Covid-19: Recovery Strategies - Motion to Take Note

Part of the debate – in the House of Lords at 1:03 pm on 11th June 2020.

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Photo of Lord Forsyth of Drumlean Lord Forsyth of Drumlean Chair, Economic Affairs Committee, Chair, Finance Bill Sub-Committee, Chair, Economic Affairs Committee, Chair, Finance Bill Sub-Committee 1:03 pm, 11th June 2020

My Lords, it is a great pleasure to follow the noble Baroness. As I have only two minutes, I will not develop the many points on which I agree with what she had to say. In the absence of the Government providing us with an opportunity for a two-day debate on the economy, which is what is required, I will focus on the catastrophe—for that is what it is—we face in the fourth quarter of this year as a result of the circumstances we find ourselves in. A great tsunami will sweep away the jobs of many people who thought they were in secure employment. It is not beyond the bounds of possibility that we could be looking at 3 million or more people with no jobs.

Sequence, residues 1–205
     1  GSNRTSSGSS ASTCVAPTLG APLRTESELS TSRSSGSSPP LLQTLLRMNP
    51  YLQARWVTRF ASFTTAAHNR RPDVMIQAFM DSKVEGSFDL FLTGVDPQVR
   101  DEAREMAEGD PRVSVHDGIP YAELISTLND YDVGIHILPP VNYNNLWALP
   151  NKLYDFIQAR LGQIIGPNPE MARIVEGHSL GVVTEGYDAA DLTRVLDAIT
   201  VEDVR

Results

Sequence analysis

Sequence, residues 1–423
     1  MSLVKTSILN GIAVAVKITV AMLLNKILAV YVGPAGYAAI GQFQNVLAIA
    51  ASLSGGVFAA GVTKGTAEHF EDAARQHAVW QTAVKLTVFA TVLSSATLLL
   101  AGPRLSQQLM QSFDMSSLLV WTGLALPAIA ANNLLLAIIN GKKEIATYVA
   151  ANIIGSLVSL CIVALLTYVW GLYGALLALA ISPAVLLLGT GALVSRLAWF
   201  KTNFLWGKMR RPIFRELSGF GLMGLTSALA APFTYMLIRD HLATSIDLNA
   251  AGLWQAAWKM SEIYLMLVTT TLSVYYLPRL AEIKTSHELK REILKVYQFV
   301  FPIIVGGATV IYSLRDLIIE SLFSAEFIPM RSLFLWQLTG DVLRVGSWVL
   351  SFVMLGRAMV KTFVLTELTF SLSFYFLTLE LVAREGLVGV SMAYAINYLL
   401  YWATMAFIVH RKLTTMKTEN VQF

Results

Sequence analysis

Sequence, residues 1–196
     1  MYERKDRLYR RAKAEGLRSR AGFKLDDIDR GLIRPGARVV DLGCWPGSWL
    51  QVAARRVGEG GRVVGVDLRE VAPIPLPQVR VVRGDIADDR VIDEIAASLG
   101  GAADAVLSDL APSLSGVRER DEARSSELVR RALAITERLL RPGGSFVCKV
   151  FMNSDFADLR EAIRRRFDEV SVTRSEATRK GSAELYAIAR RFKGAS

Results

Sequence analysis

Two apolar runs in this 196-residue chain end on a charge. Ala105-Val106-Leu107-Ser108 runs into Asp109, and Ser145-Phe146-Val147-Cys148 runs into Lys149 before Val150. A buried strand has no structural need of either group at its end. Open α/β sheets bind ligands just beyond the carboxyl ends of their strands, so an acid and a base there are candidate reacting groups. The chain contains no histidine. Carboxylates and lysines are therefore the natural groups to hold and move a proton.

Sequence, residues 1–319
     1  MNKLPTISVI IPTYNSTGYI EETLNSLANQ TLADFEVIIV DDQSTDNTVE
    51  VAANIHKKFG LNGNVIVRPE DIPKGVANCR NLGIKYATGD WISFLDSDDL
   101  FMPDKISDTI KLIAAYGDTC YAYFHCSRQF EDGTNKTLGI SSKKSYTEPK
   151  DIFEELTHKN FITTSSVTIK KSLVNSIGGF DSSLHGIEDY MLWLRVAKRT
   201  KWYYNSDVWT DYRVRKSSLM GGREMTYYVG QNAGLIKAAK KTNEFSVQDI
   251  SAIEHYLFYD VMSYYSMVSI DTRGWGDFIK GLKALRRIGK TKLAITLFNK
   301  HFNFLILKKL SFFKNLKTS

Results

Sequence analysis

The extent to which those people will be able to find new jobs will depend on the nature of the recovery. Most people have abandoned the idea that it will be V-shaped; perhaps it will be L-shaped. How quickly the economy recovers will depend on how quickly we can end this lockdown and Ministers can get their act together and decide where our priorities should be.

Earlier today I asked the Minister to indicate what assessment had been made of the number of people who would lose their jobs as a result of two-metre distancing, as opposed to the one-metre distancing recommended by the World Health Organization. He did not answer the question. The Government will have to look at how quickly we can free up the economy and save those jobs that are disappearing even now. Many of the people on furlough schemes are already out of work and will find themselves unemployed when the furlough ends. The solution for the Government is not to put up taxes or cut public expenditure but to go for growth. To quote Ronald Reagan, the deficit is

“big enough to take care of itself” in the short term.